After several weeks of discussion, lawmakers are close to agreeing a bill regulating the operation of short-term Airbnb-style property rentals.
The key remaining question related to short-term rentals of apartments in residential areas.
On Tuesday the House commerce committee said it had narrowed down three scenarios. Under the first, rentals in residential buildings would be permitted in all cases, with the owner/landlord free to charge whatever he or she wants.
Alternatively, the renting out of a flat in a residential building would be subject to the approval of the majority of the tenants.
The third option, which seemed to be gaining ground, would be to give a say to the management committee of a communal building.
In this way, said Diko MP Angelos Votsis, a management committee would either approve or reject the use of a flat for short-term rental if this practice were deemed to cause problems to the remaining tenants.
Where a building lacks a management committee, the matter would be resolved by a vote among the tenants, requiring a majority.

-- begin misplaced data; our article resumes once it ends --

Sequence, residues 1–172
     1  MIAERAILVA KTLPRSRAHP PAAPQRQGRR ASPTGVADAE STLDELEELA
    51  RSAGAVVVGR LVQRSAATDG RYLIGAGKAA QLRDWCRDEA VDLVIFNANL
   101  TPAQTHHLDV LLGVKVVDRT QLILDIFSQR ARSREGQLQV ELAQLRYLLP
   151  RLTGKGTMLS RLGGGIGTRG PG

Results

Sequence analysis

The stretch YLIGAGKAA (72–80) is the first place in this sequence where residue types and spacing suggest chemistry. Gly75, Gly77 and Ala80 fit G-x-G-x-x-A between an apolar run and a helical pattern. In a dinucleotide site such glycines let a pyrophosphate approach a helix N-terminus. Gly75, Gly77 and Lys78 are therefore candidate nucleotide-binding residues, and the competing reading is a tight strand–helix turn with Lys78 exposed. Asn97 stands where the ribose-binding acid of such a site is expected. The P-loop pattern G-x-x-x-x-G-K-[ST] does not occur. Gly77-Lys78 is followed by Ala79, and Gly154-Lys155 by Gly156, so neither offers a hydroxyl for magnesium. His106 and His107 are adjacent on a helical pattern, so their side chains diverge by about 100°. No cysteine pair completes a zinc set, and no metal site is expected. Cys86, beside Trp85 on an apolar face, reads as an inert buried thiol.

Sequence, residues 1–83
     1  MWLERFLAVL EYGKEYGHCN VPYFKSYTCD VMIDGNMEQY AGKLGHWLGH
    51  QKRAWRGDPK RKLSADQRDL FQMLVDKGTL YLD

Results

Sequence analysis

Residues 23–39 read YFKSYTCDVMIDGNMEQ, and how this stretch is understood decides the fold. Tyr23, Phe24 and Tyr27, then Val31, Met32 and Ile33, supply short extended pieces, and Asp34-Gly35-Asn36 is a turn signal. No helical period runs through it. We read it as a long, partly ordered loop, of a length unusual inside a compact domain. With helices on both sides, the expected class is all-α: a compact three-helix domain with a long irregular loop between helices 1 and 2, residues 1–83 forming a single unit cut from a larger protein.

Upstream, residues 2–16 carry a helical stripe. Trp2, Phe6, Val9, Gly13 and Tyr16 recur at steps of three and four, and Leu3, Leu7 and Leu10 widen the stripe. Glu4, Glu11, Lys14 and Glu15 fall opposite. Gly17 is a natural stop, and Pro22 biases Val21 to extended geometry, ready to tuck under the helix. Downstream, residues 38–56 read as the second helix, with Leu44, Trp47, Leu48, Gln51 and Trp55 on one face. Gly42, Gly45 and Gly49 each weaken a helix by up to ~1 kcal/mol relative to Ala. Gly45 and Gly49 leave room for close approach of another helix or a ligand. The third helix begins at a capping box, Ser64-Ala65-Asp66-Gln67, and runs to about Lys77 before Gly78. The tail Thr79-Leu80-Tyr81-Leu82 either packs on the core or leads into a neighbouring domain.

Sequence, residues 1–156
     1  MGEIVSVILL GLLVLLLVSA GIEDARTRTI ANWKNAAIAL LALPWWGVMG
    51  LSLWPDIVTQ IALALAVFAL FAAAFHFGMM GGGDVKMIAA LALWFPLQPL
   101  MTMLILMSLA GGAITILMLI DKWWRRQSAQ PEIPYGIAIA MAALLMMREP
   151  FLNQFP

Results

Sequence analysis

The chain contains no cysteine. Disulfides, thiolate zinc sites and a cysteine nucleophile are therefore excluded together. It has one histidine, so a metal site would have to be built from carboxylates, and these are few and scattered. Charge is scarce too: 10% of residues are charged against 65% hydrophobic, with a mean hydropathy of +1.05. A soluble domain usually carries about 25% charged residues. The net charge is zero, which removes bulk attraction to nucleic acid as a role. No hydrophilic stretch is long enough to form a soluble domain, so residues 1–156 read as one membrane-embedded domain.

The commerce ministry as well as the Cyprus Tourism Organisation appeared to be on board with this latter proposal.
MPs will decide which is the preferred option at the next session of the committee so that the final draft of the bill can be written up and then tabled to the plenum.
The legislative proposal aims to create a dedicated registry for short-term self-catering accommodation and then taxing that income, bringing cash into state coffers.
The bill covers villas, residences and apartments used for tourism purposes.
Earlier, the committee had heard there are an estimated 40,000 accommodations across the island being used for short-term rentals that are unlicensed and thus not subject to the legislation governing tourist lodgings.
Each property thus registered is to be assigned a number, which will be used in online advertising platforms so that punters may know whether the property in question is registered or not.
Though not opposed to the registry, Akel MP Costas Costa reiterated his concern that self-catering accommodations might not be able to comply with the raft of safety and technical regulations, discouraging many from renting out their properties on a short-term basis.
This, he said, risked defeating the very purpose of the proposed legislation which, while intended to generate tax revenue for the state, could also strip many owners of a source of income.